Tapiwa Gunzha is not only an ice cream maker. He is a storyteller. He is a child of Africa. And he has found a way to fuse all of these passions into one.
Gunzha believes that African stories and cultures remain unheard too often; also that food is integral to the expression of culture. That is why he uses his range of ice creams with their African-centred flavours as a starting point to talk about Africa’s cultural diversity.
The Zimbabwean-born entrepreneur and microbiologist initially started Tapi Tapi online. He used the online store to gauge how people would react to ice cream as an educational tool. Then, in February 2020, he opened a walk-in store in Observatory in Cape Town.
A product with a story
Gunzha finds that ice cream is a great way to open people’s minds to the diversity of African cultures. “Ice cream is a nice neutral backdrop to showcase flavour without any of the difficulties and stigmas around how things look, and especially the unfamiliar. If it looks just like ice cream, it is ice cream. It’s a nice way of convincing someone to try something new; something different.”
For Gunzha, the ice cream business is just one aspect of a greater educational project. “What’s really important is to showcase African stories correctly. The nature of how I do that is either through my own voice, or through my visual medium, or through the things that I cook.
“It’s an opportunity to tell unheard stories and unshared stories, which is a huge problem on the continent. We know so much about European mythology, Asian mythology and their stories and history without really hearing our own selves reflected in our formal education and informal education.”
Some of the flavours offered by Tapi Tapi are Mweya, which is Zimbabwean and includes rooibos and imphepho smoke, Thiakry (degue), which is millet couscous and sour milk from West Africa, and Mowa, a flavour found across the continent, made up of amaranth greens and yellow plum.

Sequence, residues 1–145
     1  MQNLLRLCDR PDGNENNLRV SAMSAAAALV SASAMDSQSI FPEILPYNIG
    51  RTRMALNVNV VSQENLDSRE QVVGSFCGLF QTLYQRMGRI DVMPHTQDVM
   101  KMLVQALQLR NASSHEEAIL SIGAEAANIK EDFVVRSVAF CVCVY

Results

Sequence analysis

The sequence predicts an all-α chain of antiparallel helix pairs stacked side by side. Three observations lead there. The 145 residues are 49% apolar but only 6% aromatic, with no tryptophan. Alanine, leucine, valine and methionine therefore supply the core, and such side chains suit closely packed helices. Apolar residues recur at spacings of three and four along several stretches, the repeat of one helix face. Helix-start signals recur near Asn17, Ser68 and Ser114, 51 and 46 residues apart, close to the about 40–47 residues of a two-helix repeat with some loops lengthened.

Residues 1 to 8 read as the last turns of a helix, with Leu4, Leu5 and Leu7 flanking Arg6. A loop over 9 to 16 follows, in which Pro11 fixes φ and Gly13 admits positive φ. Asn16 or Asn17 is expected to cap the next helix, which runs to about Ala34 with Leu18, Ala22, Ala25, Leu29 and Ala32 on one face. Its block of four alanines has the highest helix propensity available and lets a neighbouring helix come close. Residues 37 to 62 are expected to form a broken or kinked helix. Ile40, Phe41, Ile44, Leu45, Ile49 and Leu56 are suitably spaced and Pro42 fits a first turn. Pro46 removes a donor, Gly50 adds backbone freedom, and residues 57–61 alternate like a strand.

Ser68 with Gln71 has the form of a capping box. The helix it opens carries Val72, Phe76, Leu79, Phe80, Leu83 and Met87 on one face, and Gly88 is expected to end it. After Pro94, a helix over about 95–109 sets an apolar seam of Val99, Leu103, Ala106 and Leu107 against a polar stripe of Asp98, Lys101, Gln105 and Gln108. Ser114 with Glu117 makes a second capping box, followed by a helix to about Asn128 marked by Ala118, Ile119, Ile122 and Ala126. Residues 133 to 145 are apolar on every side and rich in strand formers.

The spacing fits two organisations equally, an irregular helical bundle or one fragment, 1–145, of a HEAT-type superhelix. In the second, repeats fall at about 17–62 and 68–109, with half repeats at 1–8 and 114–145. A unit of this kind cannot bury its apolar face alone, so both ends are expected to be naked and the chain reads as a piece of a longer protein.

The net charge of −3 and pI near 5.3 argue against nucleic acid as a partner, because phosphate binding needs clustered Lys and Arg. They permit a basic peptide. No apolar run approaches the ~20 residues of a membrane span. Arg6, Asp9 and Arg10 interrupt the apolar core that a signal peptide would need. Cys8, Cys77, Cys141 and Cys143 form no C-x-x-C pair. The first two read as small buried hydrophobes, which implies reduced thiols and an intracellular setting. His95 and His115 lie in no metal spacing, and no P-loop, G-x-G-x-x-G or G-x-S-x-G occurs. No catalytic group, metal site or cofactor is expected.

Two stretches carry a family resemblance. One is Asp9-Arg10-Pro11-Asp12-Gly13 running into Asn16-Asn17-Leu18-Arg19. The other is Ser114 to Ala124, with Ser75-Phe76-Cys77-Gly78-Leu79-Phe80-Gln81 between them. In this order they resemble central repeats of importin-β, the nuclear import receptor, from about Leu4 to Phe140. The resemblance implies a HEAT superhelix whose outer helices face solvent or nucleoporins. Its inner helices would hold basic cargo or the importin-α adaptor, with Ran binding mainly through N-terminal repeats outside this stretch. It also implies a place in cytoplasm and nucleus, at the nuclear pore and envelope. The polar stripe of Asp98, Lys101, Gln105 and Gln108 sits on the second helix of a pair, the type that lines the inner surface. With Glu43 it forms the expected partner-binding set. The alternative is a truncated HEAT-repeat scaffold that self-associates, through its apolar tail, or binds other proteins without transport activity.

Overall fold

These are Gunzha’s tips for aspiring entrepreneurs who may want to start an ice cream business:
1. Be clear on what you are trying to achieve
“I’m an educational space that uses ice cream; I don’t just sell ice cream. I use ice cream to impart knowledge and to share knowledge and to gain knowledge. That distinction is very important for me. So [my advice] is definitely to be clear on the vision of what you’re trying to do. Are you trying to sell a product? Are you trying to tell a story or trying to make money at any cost? What is the actual focus that you have on this business?”
2. Start small
“Start small. If it’s a matter of getting ice cream carts, if it’s a matter of having a food truck, if it’s a matter of just selling lollies online – figure out a small way of starting. The more important thing for me, though, is just to start instead of trying to wait for a huge funding opportunity or waiting for everything to be just right. Just get on with it and start.”
3. Find your niche
“Be unique in your own way. Figure out how you’re going to stand apart from other businesses. And for me that was an easy enough thing. I don’t necessarily see people in the ice cream space as my competitors because they sell ice cream. I sell and share culture more than anything else, so that’s how I’m approaching it.”
4. Be consistent with your product quality
“Consistency in the quality of your product versus consistency in what you’re making. For me those are two different things. I make a quality product always, but I refuse to make the same-tasting flavours. Even if I was to repeat a flavour, I would never repeat it the same way. Consistency for me is about your principles more than the end product. The quality and standard of the product has to be consistent.”
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